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[aprssig] Why different freq in Europe vs US?

Stephen H. Smith wa8lmf2 at aol.com
Mon Mar 26 18:49:05 UTC 2012


On 3/26/2012 12:52 PM, R. Rochte wrote:
> Why, though, are the different frequencies used?  Why not standardize on one 
> throughout the world?  Is there some compelling reason for Europe to not use 
> the U.S. frequency, or vice-versa?
>
> 73,
> Robert KC8UCH
>

You are taking a very provincial US-only view of the issue.


1)   In most of the world, the "two-meter band" is only 144-146 MHz.  Long 
before APRS, Europe channelized the LOWER half of two meters for repeaters, as 
well as SSB/CW,  at the same time North America was channelizing the upper half 
(146-148 MHz) for FM.

The FM/repeater mode took off in the late 1960's due to the flood of obsolete 
wide-band FM gear dumped on the second-hand market, due to FCC narrow-banding 
mandates in the commercial land mobile services. At the time,  the FCC only 
allowed repeaters in the upper half of the two-meter band in the US.  Further 
the surplus commercial land mobile hardware was easier to tune down to the 
upper part of the band from 150 MHz plus, than lower in the ham band.   
FM/repeater operation overwhelmingly became the dominant mode of operation on 
two meters by the early 1970s.

When the 146-148 range became saturated with repeaters in the early 1970s', the 
FCC authorized a new segment for repeaters in the lightly-used lower half of 
the North American band.  This repeater "subband was shoehorned in to the 
middle half of this segment (144.5 to 145.5 MHz) to protect classic weak-signal 
CW/SSB/moonbounce activity at the very bottom of  the band (144.00-144.3000 or 
so) and the amateur space (satellite) segment at 145.800-146 Mhz .   (By this 
time, hams were mostly using purpose-built-for-amateur-radio solid state 
Japanese boxes that could cover the entire 144-148 North American two-meter 
band .) The subband then proceeded to fill up with more repeaters.

APRS was a late-comer to the two-meters party, and initially used a patchwork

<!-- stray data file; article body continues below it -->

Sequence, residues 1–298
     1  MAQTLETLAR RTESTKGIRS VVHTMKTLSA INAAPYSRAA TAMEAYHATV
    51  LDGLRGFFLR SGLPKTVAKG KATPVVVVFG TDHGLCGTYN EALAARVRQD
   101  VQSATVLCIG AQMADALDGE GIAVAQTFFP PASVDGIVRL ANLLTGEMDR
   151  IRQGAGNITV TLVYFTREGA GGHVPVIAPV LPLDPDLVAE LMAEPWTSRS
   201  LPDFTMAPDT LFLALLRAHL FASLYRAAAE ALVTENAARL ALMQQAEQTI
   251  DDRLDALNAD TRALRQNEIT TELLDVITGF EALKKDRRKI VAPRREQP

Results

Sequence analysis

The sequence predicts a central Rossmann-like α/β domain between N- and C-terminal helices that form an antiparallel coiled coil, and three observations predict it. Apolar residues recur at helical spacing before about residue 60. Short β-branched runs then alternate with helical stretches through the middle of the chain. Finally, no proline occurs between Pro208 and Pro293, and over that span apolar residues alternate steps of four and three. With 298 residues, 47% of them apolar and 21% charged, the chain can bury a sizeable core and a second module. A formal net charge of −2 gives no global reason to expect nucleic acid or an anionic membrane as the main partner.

of local simplex frequencies left-over from the repeater explosion.  This 
included the range from 145.5-145.80, and the "hole" between subband repeater 
inputs and subband repeater outputs in the 144.9.-145.10 range,  which was 
already being used for classic connected packet operation.  Indeed part of  the 
original APRS standard (destination addresses always starting with "APxxxx") 
was defined to allow APRS and connected packet to co-exist on the 144.99, 
145.01, .03, .05, .09 "packet channels".  APRS apps would just ignore packets 
with non APxxxx destinations.

  [145.80 - 146.00 was off-limits since this is the internationally-recognized 
satellite band on two meters -- i.e. located in the part of the 2M band common 
to the whole world.  ]

Since no single channel was used everywhere, the mobile user had to switch 
channels as he traveled. In the late '70s-early '80s, a massive effort was made 
to standardize APRS on a single national channel.   144.39 was chosen as being 
high enough to not  conflict with bottom-of-the-band weak signal SSB/CW and 
just low enough to not cause problems with the sub-band repeater receivers 
starting at 144.50. Even so, there were numerous disputes with groups with 
"secret channels" at the bottom of the band, remote bases unknown to outsiders, 
etc.    It took the better part of 5 YEARS to move everyone off 145.01, 145.78 
and several other local and regional frequencies to this new continent-wide 
standard channel that was the most workable compromise IN NORTH AMERICA.

Usage in the already-far-MORE-crowded   only-2MHz-wide   two meter band 
elsewhere in the world wound up with completely different frequencies being 
chosen.







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